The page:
Write Derek at drksmart @ gmail.com
Write Phil at phil.bencomo @ gmail.com
by Derek Smart
Finally, we got to see a game yesterday where the Cubs were in control from start to finish. Admittedly, I was still wondering what would go wrong right up to the final out (and even then, I had to wonder if there was some arcane piece of administrivia that could reverse the result, like bad math on a golfer's scorecard), but there it was: a win.
My only advice: enjoy it, but don't get used to it. There's a lot of crappy baseball yet to play.
Take what I say with a grain of salt, because I have made no secret of my Kerry Wood fan-boy-dom, but yesterday was a heartening outing for no-longer-a-Kid K. Early on, while he didn't have great control over his fastball, it was consistently in the mid-nineties for the first time since he rejoined the club, and while that velocity tailed off as the game went on and he grew tired, that he was able to rush it up there at all is a definite plus.
The other fun thing was that he looked to be pitching more and using his changeup to good effect, getting 10 ground-ball outs to 4 in the air. The five hits he gave up were all singles, and the runs that scored were due more to sloppiness in the pitcher/catcher exchange and the occasional defensive blip from Todd Walker, than any pitching issues from Wood.
When he gets all his strength back, it's the sort of outing where he could easily go seven, maybe eight innings because he not only kept his pitch count down (85 over 6 frames), but also managed to not have any truly taxing innings. It's the sort of work that he needs to do consistently if he ever wants to be an effective pitcher over the long haul, because if there's one thing we've seen, it's that he's not able to withstand the workloads his old style imposed on him.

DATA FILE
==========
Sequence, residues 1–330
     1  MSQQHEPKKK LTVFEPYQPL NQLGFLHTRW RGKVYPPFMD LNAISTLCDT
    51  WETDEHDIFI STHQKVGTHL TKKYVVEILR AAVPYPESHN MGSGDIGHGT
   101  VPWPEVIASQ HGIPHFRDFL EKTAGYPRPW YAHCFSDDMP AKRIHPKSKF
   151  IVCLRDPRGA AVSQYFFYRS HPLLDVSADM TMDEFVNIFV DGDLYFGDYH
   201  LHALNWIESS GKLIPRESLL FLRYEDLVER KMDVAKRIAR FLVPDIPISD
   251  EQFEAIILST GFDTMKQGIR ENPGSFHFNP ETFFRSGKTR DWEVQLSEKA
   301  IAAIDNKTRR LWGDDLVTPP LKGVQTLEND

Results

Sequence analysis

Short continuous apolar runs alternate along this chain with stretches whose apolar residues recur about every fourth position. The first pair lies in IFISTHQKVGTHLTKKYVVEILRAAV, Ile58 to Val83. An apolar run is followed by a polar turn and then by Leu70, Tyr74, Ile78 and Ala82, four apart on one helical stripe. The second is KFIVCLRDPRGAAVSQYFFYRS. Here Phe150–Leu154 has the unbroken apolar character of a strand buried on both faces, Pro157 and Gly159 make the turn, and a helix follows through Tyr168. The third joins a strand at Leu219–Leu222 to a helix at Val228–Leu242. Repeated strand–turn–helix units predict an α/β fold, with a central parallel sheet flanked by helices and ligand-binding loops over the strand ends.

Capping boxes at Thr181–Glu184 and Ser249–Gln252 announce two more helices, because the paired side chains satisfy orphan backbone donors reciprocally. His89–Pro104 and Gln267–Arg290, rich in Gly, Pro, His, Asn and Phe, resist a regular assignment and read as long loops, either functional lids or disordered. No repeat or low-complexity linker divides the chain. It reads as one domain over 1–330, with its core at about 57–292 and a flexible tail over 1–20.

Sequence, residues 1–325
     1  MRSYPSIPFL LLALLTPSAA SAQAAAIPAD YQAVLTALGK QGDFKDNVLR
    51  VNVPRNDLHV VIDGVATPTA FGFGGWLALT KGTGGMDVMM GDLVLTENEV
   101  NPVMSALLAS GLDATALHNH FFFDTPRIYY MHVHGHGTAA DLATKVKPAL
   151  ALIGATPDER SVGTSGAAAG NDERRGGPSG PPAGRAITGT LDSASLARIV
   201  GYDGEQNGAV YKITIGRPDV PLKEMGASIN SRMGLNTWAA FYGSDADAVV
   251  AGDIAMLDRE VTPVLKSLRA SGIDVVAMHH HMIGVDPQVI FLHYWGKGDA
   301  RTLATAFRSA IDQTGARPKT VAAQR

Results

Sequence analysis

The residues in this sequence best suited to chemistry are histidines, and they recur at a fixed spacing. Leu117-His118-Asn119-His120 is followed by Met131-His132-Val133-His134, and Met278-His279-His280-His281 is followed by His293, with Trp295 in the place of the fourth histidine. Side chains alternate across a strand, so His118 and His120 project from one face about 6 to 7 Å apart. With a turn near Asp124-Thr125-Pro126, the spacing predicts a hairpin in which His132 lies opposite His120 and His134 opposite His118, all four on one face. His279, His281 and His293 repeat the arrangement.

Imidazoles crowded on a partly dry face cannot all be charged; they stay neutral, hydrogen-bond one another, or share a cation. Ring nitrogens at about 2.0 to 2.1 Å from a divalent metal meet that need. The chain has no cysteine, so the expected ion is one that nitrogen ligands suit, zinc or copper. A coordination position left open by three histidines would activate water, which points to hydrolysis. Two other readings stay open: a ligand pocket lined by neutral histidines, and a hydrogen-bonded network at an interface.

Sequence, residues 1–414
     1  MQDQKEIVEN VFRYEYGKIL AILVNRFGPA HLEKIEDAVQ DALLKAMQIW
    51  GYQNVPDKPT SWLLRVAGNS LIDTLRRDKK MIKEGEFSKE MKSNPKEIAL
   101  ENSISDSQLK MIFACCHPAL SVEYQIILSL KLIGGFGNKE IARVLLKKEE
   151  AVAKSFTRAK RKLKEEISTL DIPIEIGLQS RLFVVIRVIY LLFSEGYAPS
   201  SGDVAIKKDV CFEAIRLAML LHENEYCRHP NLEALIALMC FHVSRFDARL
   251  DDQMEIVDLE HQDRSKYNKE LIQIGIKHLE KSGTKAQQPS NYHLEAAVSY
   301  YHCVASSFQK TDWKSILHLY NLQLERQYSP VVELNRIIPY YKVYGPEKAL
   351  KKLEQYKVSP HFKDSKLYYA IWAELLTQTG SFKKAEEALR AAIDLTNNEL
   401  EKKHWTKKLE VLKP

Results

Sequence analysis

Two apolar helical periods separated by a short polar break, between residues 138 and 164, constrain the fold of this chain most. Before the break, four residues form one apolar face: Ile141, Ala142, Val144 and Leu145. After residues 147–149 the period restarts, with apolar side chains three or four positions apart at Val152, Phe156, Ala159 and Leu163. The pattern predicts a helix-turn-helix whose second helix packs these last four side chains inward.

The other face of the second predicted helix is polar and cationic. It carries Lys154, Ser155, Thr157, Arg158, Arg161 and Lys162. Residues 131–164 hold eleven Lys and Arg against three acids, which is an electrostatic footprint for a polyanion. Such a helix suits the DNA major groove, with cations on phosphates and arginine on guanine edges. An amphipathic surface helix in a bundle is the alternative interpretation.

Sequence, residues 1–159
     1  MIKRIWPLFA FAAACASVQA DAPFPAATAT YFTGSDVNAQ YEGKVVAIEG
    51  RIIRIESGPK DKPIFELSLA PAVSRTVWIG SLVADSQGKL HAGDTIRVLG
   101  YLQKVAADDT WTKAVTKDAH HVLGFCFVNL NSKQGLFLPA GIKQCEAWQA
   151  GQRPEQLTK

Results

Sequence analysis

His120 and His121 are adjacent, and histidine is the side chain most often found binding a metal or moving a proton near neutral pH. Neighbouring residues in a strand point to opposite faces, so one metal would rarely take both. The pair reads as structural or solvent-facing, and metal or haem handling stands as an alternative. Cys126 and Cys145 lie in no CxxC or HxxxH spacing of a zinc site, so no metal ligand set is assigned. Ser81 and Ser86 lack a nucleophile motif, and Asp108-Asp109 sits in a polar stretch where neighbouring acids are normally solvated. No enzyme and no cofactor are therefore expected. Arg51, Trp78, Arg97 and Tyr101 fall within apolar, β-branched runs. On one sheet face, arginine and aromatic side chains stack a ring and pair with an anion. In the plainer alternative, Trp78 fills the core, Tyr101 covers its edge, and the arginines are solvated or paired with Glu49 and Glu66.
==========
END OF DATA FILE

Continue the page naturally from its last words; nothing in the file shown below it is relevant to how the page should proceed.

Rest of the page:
His stuff, even in his current, depleted state, is good enough to let hitters get themselves out, and if he can do that more, keeping the strikeout in reserve as a weapon of necessity rather than the primary mode of attack, there's at least a small hope that he can have a decent career wherever he winds up after this season.
At some point when I get a moment this idea deserves a more extensive post of its own, but while the Cubs have been abysmal in every conceivable offensive category, I think the thing that's made this whole stretch exponentially less bearable has been the way the team has been completely unable to hit for power.
Granted, they were never going to be a big bopping club in the first place, but the degree to which they've been horrible in this respect of late is shocking. Let me put it to you this way: Niefi! through 2005 had a lifetime ISO (SLG - AVG) of .110. In the month of May, the Cubs as a team have an ISO of .106.
Care to get even more sick to your stomach? Neifi!'s career line through 2005 was .270/.301/.380. In the month of May, the Cubs as a team have a line of .248/.294/.354. In other words, this team would have been better off this month if it had consisted of an entire squad of Neifi!'s performing at their career norms.
Matt Murton needs to get the ball in the air more. Period. When he does, good things happen. He hits line drives. He hits doubles. He hits homers. I'm convinced that the issue for him is not a question of "power" in the traditional sense - he can hit the ball plenty hard - it's the way he hits the ball that affects things.
If he can find a way to make the adjustment in his swing without necessarily altering his approach, I think he can be very effective, but adjust he must, or he'll just be a guy who should have been better.
I have no explanation for Tony Womack. None. In the same way that there was no reason he should have been useful to the Cardinals in 2004, there's no reason he should be useful to the Cubs in 2006, but there he was the last two days, actually being what he shouldn't.
There are two things to curious about in this. First, how long he can keep it up, and second, how this might affect the lineup once Derrek Lee returns. I'm torn because I adore Todd Walker, but with the season effectively over, anything that might make Walker expendable in Jim Hendry's mind is probably a good thing, even it it comes in a form that will eventually explode in the club's face like a joke cigar. It might be annoying, but if it pops right it just might get some of the egg off.